As of Oct. 6, Appalachian State had not announced a change to its mix of remote, hybrid and in-person classes. In an update to campus on Oct. 2, Appalachian Chancellor Sheri Everts said, “Our current on-campus density is low; our available response resources remain high; we can offer flexible course delivery options to those who need it; and, should we need to, we are ready to pivot to all-remote learning.”
As of the Oct. 2 update, active cases in residence halls represented 1.2 percent of the residence hall population, Everts said, and the university was using 28 percent of its available quarantine space. Most of Appalachian’s students live off campus in and around Boone and are taking the majority of their classes remotely, she said, adding that “we need better compliance with wearing face coverings off campus, adhering to quarantine and isolation instructions and answering contact tracing calls from public health.”
In response to a question about what would prompt a decision to transition to full remote instruction, Appalachian spokesperson Megan Hayes pointed to the information in the Oct. 2 update and added, "The majority of our students are learning in hybrid or fully remote formats and to date, we have no confirmed cases of classroom transmission.
"While there's no playbook for a global pandemic, we continue to review our data and discuss with public health what next steps might be most effective given that information. We are watching very closely the cluster numbers, which includes cumulative and active cases, in residence halls," Hayes said.
Greene told the commissioners that AppHealthCare has discussed a testing team that would target off-campus student locations.
“Regardless of what actions the university takes, we know we have a lot of folks who are renting apartments off campus,” she said. “It’s important to know we’re going to be in this for a while.”
The health department also issued a statement on Oct. 5 urging faith organizations to help slow the spread of COVID-19, as some recent cases have been linked to worship services.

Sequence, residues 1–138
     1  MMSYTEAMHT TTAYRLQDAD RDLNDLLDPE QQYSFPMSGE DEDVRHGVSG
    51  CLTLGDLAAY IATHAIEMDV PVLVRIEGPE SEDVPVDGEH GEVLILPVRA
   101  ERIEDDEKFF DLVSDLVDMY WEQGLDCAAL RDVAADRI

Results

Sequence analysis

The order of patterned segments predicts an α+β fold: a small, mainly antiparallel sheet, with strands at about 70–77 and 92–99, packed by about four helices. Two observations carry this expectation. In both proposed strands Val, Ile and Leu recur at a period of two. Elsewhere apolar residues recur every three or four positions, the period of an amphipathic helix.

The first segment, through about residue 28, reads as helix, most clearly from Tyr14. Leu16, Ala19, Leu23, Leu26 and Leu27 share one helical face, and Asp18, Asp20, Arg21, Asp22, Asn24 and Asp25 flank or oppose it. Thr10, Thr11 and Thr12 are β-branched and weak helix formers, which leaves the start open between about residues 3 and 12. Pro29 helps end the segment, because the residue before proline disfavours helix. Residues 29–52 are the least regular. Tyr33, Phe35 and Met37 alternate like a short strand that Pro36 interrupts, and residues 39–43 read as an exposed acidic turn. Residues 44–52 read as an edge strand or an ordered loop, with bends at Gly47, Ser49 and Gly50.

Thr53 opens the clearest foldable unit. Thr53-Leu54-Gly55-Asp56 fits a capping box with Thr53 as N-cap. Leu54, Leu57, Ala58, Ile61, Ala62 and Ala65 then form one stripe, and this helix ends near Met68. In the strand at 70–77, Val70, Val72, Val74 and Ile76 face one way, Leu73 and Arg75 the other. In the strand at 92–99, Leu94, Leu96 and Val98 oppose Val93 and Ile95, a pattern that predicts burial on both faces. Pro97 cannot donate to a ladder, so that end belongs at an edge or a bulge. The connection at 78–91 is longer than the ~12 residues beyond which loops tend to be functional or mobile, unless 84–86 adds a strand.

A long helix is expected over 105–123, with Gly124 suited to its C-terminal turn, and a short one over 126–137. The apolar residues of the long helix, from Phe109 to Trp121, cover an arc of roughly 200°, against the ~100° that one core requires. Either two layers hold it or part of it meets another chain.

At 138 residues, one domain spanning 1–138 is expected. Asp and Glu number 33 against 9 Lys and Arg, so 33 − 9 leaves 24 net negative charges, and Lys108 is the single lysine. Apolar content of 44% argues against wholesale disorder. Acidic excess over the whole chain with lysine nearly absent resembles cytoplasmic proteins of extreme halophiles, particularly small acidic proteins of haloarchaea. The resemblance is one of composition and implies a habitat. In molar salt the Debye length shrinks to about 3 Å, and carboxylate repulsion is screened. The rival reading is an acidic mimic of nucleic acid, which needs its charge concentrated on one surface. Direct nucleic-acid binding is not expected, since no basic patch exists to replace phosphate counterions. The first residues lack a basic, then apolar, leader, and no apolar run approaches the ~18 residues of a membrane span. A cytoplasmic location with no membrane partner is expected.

“We appreciate and value the partnerships with our faith community and acknowledge this is not the only COVID-19 risk we are seeing currently, but is one that has had enough activity in the past week to draw attention to this as a serious matter,” Greene said in the statement.
Hudspeth said that if the second COVID-19 unit fills up at Watauga Medical Center, “we have the ability to open another 10-bed isolation unit for COVID-19 patients.” After that, “if we reach full capacity in those 23 beds, we would initiate the next phase of our surge plan, which could involve diverting patients to other facilities,” he said.
“When we see a spike like this it begins to feel like we’re back in March, when we were concerned about how far it could spread,” Hudspeth said. “Obviously, further spread can have significant impacts on our resources and staffing.”
“I cannot say enough about how our staff has embraced the challenges associated with COVID-19 over the past seven months,” Hudspeth added. “The people on the front lines — our providers, our nurses, our caregivers –—they really are the heroes. If you can imagine walking in their shoes for one day — gowning up with PPE, entering a COVID-19 room and providing care and compassion to an infected patient — you would realize it’s really a tough job. During these past two weeks, with this increase, it has become even tougher for them.”
Greene also spoke about the increased workload and its impacts on the health department staff.
“We are working very hard to keep up with the volume,” Greene said. “We’re asking for more support from the state.” Staff are doing testing every day, and call center staff are fielding about 1,000 calls per week. Contact tracers often have to reach out to people multiple times, she said.
“That adds to the volume when you’ve got 80 cases a day and you’ve got 40 of them that haven’t answered from the day before; it can pile up pretty quickly,” she said.
Staff are currently unable to address their regular health department duties; all are focused on COVID-19, Greene noted.
Greene told county commissioners that the department is continuing to plan for what a mass vaccination would look like.
“I fully anticipate it will be some time before we have a mass quantity of vaccine,” she said. “We are still engaged with DHHS folks with hopes of having a vaccine at some point that we could get out to priority populations; that will be determined by the state in terms of who gets that. We expect that with the health care workers initially.”
Kayla Lasure contributed reporting to this article.